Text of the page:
The heavy influence of advertising reflects a tension that emerges throughout the survey. Most of these respondents either work for the website of a legacy outlet or are former legacy journalists that started independent online ventures of their own. They are grounded in the more organized, traditional news model and have carried that foundation to the Web. Thus, while embracing much about new media, these journalists also demonstrate a strong belief in traditional values and practices.
With this grounding, a solid majority (57%) say the Internet is “changing the fundamental values of journalism” rather than “transferring those values online.” And the change was deemed more negative than positive.
When asked how it was altering the values, most (45%) cited a loosening of standards and less careful reporting. “It is eliminating the gatekeeper role,” wrote an editor and content manager responsible for both online and print newsroom operations, “pressing journalists to produce without the same degree of reflection and verification.”
“The focus is more on getting the news out before checking its accuracy, and this is weakening journalism’s credibility,” wrote another. “A reversion to checking and double-checking is needed, especially since mistakes can last forever online.”
The second-biggest change in values cited by respondents was one that invited a more divided reaction. Roughly a third, 31%, named giving more voice to others and reducing the clout of journalists. “The news consumer has never had a greater role in policing the veracity of what he or she reads, sees and hears,” offered an executive in charge of editorial and sales for a top local broadcast news website. Yet some saw downsides here. One content manager wrote: “It allows all sorts of unfiltered, untrained and unethical yahoos to donate public comments.”
The third category of change, cited by 25% of respondents, was the shift in values related to the growing emphasis on speed. While some noted positive implications like getting news to people faster, most spoke of immediacy becoming more important than accuracy. As one writer and producer of stories described it, misinformation “gets spread faster than a bad sexually transmitted disease.”
|In what way(s) is the Internet changing the fundamental values of Journalism?
Based on those who say the Internet is changing fundamental values of Journalism [N=165]
|Loosening standards/ Less carefulness||45%|
|Allowing others to have a voice (good & bad)||31|
|Emphasis on speed (good & bad)||25|
|Less analysis/ More superficial||11|
|Advertising and business tainting journalism||8|
|More opinion/ Bias||7|
|Less original content/ More context-based||5|
|MORE transparency/ Openness Accountability||5|
|LESS transparency/ Openness Accountability||2|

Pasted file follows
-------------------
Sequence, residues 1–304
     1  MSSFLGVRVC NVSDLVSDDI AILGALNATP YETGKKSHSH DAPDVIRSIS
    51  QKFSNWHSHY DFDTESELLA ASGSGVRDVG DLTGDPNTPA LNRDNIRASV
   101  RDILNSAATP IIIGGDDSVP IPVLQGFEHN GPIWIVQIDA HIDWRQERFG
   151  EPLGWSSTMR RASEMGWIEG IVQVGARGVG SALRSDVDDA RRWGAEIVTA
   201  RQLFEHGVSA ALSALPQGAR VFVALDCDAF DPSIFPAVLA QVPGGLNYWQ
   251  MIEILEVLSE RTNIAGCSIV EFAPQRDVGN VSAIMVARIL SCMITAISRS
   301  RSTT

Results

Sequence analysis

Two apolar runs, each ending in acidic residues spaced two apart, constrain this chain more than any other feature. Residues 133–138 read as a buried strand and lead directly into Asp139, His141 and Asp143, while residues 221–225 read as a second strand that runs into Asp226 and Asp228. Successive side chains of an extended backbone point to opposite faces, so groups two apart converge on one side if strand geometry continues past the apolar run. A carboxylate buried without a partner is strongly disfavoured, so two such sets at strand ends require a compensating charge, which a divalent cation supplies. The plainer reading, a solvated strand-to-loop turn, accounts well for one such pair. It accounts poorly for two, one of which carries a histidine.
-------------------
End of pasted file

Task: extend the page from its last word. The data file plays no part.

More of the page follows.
Note: Total may exceed 100% due to multiple responses
Other changes cited were mostly negative: 11% said the Internet has made journalism is more superficial. “‘Good enough’ is good enough” wrote one. Journalists, wrote another, are “more willing to shoot from the hip.” Another 8% cited an increased influence from advertisers and other business-side people; and 7% said journalism now has more opinion or bias.
Thus, fully two-thirds of the changes cited here were clearly negative, while the rest were divided.
The reaction is complex one, a mixture of optimism and fear, possibility, and some regret. Many expressed in written statements the tension of both positive and negative implications in the emerging world of online journalism. “It is making it more transparent, it is making it more open to feedback and voices, it is making it more engaging and two-way, wrote one director of digital content. “But it has also cost traditional journalists their status as expert information gatherers, and that could (and likely will) have an impact on our craft in the future as well.”
And some, despite some negative implications now, sense that in the end, a better journalism will emerge: “I think we’re now more focused on quantity and speed than we are on quality storytelling and accuracy. With that said, I believe that’s going to change as the Web gets more competitive. Then, our traditional values of journalism will find their place in online news too.”
When asked specifically about what journalism on the Web does particularly well right now, these online journalists spoke more about technology than reporting. As one programmer described it, “We’re really good at putting photos, videos, articles ‘on’ the Web but really bad at understanding the Web as a medium on its own.”
Fully 91% named some aspect of technology in their responses. “Interactivity,” “driving people to slide shows,” and “data visualization,” were among the successes named as well as “connecting viewers around the world,” and “attracting new audiences.”
Just 16%, on the other hand, cited new forms of storytelling like “really digging deep into a subject using new and creative tools at our disposal.” And even fewer (12%) named greater depth of reporting.
What Online Journalism Does Well
|Design Your Own Chart|
Source: PEJ/ONA 2008 Survey of ONA Members
One area where these journalists seem torn, but more in line with new media than old, was on the question of viewpoint. Half felt that it was “a good thing” for news outlets to have an ideological point of view and nearly as many, 45%, felt the same way about individual journalists. While not a clear majority, these journalists working in new media sense more deeply than those in the mainstream press that “it is becoming more acceptable to report news with an obvious voice or bias.” In the 2007 survey of the mainstream press, three-quarters of national journalists and 79% of local journalists said it is a “bad thing if some daily news organizations have a decidedly ideological point of view in their coverage of the news.”